Some bhāvas are sāttvika such as romancaka, stambha, vaivarṇya; these depict the physical expression of the emotions in the mind.
Rasa is said to be a brahmānandasahodara. Hence, according to this view, even the seemingly negative rasa-s, such as bhayānaka, have some touch of the divine; this is so as we are discussing an enactment rather than the original phenomenon itself. Hence when we reenact S N Bose’s own confusion (during his teaching) in our own teaching to explain his contribution about the 2 types of atomic particles (now called bosons and fermions), the rasa-s may be in turn bhībhatsa or bhayānaka (due to the fear of the unknown), adbhuta (sense of anticipation and wonder when wandering into the unknown), shringāra and karuna (sense of harmony or unity of the opposites, or its lack; e.g. either two atomic particles can have the same state or not, which is exhaustive).
Since we are discussing rasa as brahmānandasahodara and we have many perspectives on Vedanta, such as advaita and dvaita, a rasa theory may also need to incorporate such an aspect in the discussion. In this paper, we assume an advaitic perspective in the context of the nava rasa-s. A rasa then is a manifestation of the brahmānanda in its involution. A specific rasa such as karuna then has a specific aspect in the involution such as the sorrow of being not one; strangely enough, it is sometimes a joy of separation.
In education, the adbhuta, the surprise element, is the joy of creativity or innovation (vide the Ellora example given before), shānta the joy of deep contemplation (to grasp the unknown), shringāra the joy of seeing harmony in diversity (vide life forms or the interlocking beauty of the Pāṇini’s sūtra-s), vīra the joy of enforcing balance or control (vide careful experiments (or ūha) to tease out interesting aspects of reality), raudra the joy of imposing mastery over discord (vide failures in engineering and designs to counteract such failures). In engineering especially, where systems are built for specific human needs, Bhībhatsa is the joy or sense of testing a system by creating inconvenient inputs (or chaos) while Bhayānaka is the simulation of a system in a crisis; hāsya may be the sense of incongruities in the system. All the rasa-s can thus be manifested and made accessible to the student during the teaching. We leave the reader with how to fill in other details of the teaching process.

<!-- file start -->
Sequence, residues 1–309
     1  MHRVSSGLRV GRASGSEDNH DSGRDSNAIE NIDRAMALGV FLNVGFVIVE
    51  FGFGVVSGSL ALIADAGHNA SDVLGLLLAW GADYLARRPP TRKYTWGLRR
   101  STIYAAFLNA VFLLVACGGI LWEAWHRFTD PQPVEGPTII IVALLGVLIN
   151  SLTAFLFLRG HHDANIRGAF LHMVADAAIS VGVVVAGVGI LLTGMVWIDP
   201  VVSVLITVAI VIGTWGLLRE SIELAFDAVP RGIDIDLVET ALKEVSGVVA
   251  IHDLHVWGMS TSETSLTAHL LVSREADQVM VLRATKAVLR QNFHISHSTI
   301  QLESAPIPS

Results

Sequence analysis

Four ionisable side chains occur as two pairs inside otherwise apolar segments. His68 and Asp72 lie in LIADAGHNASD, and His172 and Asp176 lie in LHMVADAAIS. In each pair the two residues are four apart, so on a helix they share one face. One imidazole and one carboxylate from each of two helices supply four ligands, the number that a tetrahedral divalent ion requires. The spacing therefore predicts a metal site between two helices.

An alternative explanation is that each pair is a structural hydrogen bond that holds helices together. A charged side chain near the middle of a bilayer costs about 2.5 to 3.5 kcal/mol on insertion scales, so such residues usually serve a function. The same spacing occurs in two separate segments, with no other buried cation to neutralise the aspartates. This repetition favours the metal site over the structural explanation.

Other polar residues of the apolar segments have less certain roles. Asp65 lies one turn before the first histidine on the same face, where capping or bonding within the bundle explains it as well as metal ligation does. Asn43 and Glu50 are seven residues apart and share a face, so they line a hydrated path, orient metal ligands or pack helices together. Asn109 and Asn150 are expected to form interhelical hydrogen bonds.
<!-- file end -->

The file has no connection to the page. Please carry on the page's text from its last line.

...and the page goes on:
In an engineering design, the Bhayānaka rasa (a system in crisis such as security of a computer system) may induce attempts to understand a systems’s shortcomings systematically and thus induce Bhībhatsa. Hāsya may then result when woeful incongruities are exposed in the system. Raudra may then be called into play to fix the shortcomings while vīra may be in the picture to balance contending aspects in the design (for example, whether to favour one aspect of the design over another such as long jobs versus short ones or vv in a computer system w.r.t scheduling). The adbhuta element may come in when some divergent phenomena may be seen as manifestations of some cognizable pattern and thus creates the context for creativity or innovation. The design may also need to understand shringāra and karuna in the context of the diversity of reality and the sorrow that an engineering design cannot embrace the fullness of reality and has to demarcate only a portion of reality for a meaningful engineering design. A design that cannot be improved by adding something or removing something is the ultimate; we may consider the deep contemplation of such a design as inducing shānta. Such a great marvel is Pāṇini’s grammar (even if modified in minor ways by vārttika-s).